In one case of acute pleuritis presenting with severe sharp shooting pain, I injected cocaine solution (0.025 g) into one of the intercostal spaces on the affected side: in less than 10 minutes the pain subsided completely, the patient could take a deep breath. The effect lasted for more than two hours. It was exactly in the same fashion that the excruciating pain caused by intercostal neuralgia disappeared after injection of the same amount of cocaine in the corresponding intercostal spaces. The patient was given eight series of injections over five days with no change in the course of the disease which was eventually successsfully treated by punctuate burns with Pacquelin's thermocauter, yet the temporary relief [from the injections] was the best we could hope for in the meantime.
In three cases cocaine was used by me for treatment of painful ulcers. Application of cocaine ointment or powder mixed with inert substances, yielding completely satisfactory results. Application of cocaine powder over exudative eczema of the scrotum associated with severe pruritus, completely relieved the itching for more than three hours. The same effect was achieved with cocaine solution compresses. Finally, having in mind that cocaine distinctly decreases different secretions, I tried lubricating with cocaine solution the nasal mucosa in cases of acute rhinitis. The only consequence was a short‐lasting decrease of secretions, but there seemed to be no noticeable change in the course of the disease.
Thus, we can see that the range of the indication for cocaine as a local anesthesia is rather wide. I convinced myself in his property of cocaine five years ago in many animal experiments, yet I was far from the thought that the anesthesia produced by cocaine could be as complete as to allow carrying out painful operations such as eye enucleation. I am convinced that in some cases cocaine will limit the use of morphine, having some advantages with its local anesthetic properties. First, cocaine belongs to the group of the alkaloids with weak systemic effect; second, tolerance does not build, that would require increase of the dose; finally, it does not lead to signs of chronic intoxication. Its use for diagnostic purpose in the examination of the eyes, larynx and the genitalia, are, of course, preferred to the administration of atropine, morphine and potassium bromide, and also to chloroform, because the effects of cocaine are quickly transient, not associated with any side effects or sequelae, and are always quicker and more reliable than these of potassium bromide. Maybe now, when cocaine became the “vogue of the day,” attention would be paid to many of its other very important properties. But we can talk about that next time.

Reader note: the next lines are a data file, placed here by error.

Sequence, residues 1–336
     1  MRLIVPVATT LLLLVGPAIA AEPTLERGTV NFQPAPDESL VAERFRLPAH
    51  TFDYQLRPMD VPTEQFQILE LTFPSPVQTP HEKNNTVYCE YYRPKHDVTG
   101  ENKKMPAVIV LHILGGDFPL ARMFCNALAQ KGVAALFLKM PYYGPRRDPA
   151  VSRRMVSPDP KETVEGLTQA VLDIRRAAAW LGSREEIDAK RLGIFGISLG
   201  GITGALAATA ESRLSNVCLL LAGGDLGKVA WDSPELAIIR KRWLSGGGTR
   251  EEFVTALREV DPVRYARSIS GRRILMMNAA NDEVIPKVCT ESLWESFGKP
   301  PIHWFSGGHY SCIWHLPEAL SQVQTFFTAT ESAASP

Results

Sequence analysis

The authors thank the members of the von Anrep family; Dr. Y. Golikov and G.A. Churakov of The Institute of Experimental Medicine; St. Petersburg, Russia; Ms. C. Ruggere of the Institute for the History of Medicine, Johns Hopkins University, Baltimore, Maryland; Ms. E. Pleticha‐Geuder of the University of Wurzburg, Germany; Dr. N. Fauvel for translation from French; and Drs. S. Kaldewey and J Dziersk for translation from German. Translation from Russian are by K.V.
[double dagger] I. P. Katsaurov, Russian ophthalmologist, having read of Koller's demonstration, published his account shortly before Anrep's second paper: Katsaurov IP. About the anesthetic influence of Cocaine on eyes. Vrach 1884; 5(43):733‐6. Of interest is the fact that, despite being a compatriot of Anrep, Katsaurov makes no mention of Anrep's work‐we have no explanation of why this might have been.
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© 1999 American Society of Anesthesiologists, Inc.